Book Review: Scrappy Little Nobody
Published by Touchstone Books on January 1st 1970
Genres: Nonfiction, Autobiography
I went into Scrappy Little Nobody really hoping to love it because I am a big fan of Anna Kendrick’s. I think she’s a great actress and I also love her wry sense of humor in interviews and on social media. Overall, I have to say I liked it well enough, but didn’t love it. The book is structured as a collection of humorous autobiographical essays on a variety of random topics, ranging from her childhood days to her entry into show business, her early attempts at romantic relationships, attending award shows, and even a random essay about themed parties she would love to throw. It was all very random, quirky, and still somehow pretty insightful and therefore made for a fun read overall.
As I mentioned, I love Anna’s sense of humor so that was probably the biggest plus for me as I was reading. She is effortlessly humorous and each essay is filled with colorful anecdotes to show just how much of a “scrappy little nobody” she really is.
I especially enjoyed the stories from early on in her career, seeing how she got her start on Broadway while still in middle school, and then what it was like for her to move from the East Coast out to L.A. and into her first very modest apartment.
And of course, any mention of her films that I’m familiar with like Up in the Air, Into the Woods, and especially Pitch Perfect were highlights.
I also liked that even though the series of essays is seemingly quite random, they still move forward in a somewhat chronological manner – with a few detours – and show Anna figuring out how to live and function as a young, independent, professional woman even if she does she feel like a clueless kid.
My biggest issue with Scrappy Little Nobody was that I wanted a lot more behind-the-scenes looks at Anna’s most well known films, in particular, Pitch Perfect. While there were a few nuggets here and there, her more recent works seem to be largely ignored so that was a bummer for me.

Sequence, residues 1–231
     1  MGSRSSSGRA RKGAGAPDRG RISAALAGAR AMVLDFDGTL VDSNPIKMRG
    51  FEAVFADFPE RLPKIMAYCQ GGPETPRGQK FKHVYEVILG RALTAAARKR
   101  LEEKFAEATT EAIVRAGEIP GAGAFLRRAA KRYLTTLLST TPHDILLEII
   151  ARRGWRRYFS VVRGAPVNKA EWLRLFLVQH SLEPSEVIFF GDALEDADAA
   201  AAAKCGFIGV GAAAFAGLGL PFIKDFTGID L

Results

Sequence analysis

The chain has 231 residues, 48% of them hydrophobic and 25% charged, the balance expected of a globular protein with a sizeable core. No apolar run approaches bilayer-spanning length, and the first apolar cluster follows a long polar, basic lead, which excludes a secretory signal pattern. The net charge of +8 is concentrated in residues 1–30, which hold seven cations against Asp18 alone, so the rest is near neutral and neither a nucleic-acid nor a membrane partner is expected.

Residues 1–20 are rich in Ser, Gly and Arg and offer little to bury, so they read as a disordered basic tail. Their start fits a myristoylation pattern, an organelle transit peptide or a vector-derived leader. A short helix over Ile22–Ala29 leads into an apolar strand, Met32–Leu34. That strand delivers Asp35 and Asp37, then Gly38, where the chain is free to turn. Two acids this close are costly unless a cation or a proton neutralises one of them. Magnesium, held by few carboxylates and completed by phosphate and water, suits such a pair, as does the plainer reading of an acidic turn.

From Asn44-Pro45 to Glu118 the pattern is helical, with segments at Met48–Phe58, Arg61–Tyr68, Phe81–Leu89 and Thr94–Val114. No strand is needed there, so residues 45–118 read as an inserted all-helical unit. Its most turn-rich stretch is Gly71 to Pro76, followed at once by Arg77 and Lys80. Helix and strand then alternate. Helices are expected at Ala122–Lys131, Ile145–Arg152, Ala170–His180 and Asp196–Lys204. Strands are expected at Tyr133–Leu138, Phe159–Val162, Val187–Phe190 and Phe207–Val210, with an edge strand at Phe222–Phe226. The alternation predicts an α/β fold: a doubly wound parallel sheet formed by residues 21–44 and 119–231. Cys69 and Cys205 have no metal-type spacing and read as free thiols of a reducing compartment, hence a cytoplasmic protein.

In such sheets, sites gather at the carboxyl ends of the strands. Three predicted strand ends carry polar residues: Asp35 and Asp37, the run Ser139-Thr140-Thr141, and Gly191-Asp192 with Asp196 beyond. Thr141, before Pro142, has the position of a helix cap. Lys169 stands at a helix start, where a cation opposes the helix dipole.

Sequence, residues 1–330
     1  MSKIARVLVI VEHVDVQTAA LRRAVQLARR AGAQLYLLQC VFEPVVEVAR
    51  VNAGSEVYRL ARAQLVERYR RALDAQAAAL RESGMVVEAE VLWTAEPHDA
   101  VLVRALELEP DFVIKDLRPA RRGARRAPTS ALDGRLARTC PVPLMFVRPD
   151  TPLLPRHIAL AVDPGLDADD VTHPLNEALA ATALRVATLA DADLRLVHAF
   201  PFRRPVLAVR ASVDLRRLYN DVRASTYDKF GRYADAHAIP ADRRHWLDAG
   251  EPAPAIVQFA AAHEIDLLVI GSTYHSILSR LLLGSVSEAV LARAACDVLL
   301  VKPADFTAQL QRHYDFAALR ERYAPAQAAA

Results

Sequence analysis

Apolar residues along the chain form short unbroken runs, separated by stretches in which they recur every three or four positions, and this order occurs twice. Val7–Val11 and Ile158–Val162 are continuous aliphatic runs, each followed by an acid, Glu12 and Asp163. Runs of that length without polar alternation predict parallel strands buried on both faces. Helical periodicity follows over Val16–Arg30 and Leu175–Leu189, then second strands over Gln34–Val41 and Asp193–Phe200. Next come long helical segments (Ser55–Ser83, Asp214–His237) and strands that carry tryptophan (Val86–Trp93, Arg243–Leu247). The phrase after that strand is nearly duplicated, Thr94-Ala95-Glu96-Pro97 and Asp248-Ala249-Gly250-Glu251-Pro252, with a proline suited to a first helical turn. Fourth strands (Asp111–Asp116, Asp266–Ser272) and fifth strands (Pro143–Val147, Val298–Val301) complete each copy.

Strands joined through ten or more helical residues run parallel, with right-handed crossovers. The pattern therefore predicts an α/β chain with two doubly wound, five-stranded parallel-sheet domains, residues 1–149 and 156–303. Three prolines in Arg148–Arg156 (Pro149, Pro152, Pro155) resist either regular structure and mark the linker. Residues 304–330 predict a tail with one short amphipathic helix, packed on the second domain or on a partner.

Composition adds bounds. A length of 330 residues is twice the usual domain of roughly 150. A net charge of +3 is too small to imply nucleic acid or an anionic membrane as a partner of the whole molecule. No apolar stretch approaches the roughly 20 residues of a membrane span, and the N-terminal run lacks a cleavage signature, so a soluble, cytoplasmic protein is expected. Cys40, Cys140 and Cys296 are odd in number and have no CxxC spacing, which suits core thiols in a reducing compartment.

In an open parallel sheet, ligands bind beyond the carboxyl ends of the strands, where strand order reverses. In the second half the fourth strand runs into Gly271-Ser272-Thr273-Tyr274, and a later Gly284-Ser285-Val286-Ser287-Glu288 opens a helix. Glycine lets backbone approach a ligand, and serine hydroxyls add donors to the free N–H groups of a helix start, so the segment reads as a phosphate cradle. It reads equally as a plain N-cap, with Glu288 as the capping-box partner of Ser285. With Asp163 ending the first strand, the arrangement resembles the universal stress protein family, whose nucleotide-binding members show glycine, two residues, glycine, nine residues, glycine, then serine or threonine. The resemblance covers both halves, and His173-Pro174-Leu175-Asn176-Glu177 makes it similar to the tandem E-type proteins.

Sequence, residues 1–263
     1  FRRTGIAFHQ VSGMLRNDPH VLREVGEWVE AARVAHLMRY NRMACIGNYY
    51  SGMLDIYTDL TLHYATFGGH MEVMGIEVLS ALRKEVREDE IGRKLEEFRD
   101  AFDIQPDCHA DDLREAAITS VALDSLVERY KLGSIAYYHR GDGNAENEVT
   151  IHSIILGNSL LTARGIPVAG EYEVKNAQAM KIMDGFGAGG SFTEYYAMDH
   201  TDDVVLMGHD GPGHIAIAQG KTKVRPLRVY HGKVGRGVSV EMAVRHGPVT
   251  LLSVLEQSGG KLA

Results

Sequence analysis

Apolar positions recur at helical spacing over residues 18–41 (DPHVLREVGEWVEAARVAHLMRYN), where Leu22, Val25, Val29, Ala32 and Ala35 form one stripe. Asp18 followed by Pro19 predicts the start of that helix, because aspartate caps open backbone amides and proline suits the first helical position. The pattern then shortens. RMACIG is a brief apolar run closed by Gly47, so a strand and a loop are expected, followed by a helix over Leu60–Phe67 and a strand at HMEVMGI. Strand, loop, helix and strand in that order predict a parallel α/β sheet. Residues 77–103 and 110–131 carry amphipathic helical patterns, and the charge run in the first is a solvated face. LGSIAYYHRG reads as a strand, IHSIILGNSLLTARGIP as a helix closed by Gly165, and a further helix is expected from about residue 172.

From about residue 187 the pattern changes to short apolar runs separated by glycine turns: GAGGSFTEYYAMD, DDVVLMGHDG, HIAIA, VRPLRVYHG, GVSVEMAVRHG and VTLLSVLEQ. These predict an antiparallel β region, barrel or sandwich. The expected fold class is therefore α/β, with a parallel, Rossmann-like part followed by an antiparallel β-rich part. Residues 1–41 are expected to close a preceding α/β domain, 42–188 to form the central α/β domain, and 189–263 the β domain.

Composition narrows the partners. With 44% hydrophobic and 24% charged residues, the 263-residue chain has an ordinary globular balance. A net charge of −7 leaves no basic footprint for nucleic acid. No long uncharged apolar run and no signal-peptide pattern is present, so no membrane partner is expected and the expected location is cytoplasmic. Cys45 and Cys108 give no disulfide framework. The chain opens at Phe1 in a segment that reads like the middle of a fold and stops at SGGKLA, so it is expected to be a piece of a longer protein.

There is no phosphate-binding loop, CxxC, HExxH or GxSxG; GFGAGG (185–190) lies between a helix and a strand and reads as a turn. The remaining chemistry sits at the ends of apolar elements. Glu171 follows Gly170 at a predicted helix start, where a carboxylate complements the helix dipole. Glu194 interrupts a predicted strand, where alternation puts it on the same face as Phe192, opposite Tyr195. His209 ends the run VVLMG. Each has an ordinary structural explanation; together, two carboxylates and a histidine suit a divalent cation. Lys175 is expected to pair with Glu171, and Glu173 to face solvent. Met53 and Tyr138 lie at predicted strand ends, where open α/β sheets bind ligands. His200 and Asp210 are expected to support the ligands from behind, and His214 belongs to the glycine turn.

I also had a few issues where I had difficulty gauging Anna’s tone. Is she being funny here since most of this is meant to be humorous, or is she trying to be more serious? I think my issue was because I was reading the print version of the book and for that reason I wish I had done the audio version instead. I think hearing Anna tell her stories and share her insights would have helped a lot because there would have been no guesswork as far as what’s meant to be funny and what’s meant to be taken more seriously.
One final issue I had was that sometimes it felt like Anna was trying a little too hard to prove that she’s just like us regular folks even though she’s a famous movie star. Most of the time I thought the stories about her being awkward and not knowing what to do were cute and relatable, but after a few of them, I got to the point where I was like “Okay, I get it. You’re awkward. Let’s move on to a new topic.” It’s probably not something that would bother too many people, but I tend to get irritated if I feel like someone’s hammering home a point too hard.
Even though I had a few issues with Scrappy Little Nobody, I still think it’s a solid and entertaining read overall. I think Anna Kendrick fans will certainly enjoy getting a little more insight into her personality. I definitely recommend trying to get the audio version if possible though. I think hearing Anna’s words will give you the most optimal reading experience.
RATING: 3 STARS
A collection of humorous autobiographical essays by the Academy Award-nominated actress and star of Up in the Air and Pitch Perfect.
Even before she made a name for herself on the silver screen starring in films like Pitch Perfect, Up in the Air, Twilight, and Into the Woods, Anna Kendrick was unusually small, weird, and “10 percent defiant.”
At the ripe age of thirteen, she had already resolved to “keep the crazy inside my head where it belonged. Forever. But here’s the thing about crazy: It. Wants. Out.” In Scrappy Little Nobody, she invites readers inside her brain, sharing extraordinary and charmingly ordinary stories with candor and winningly wry observations.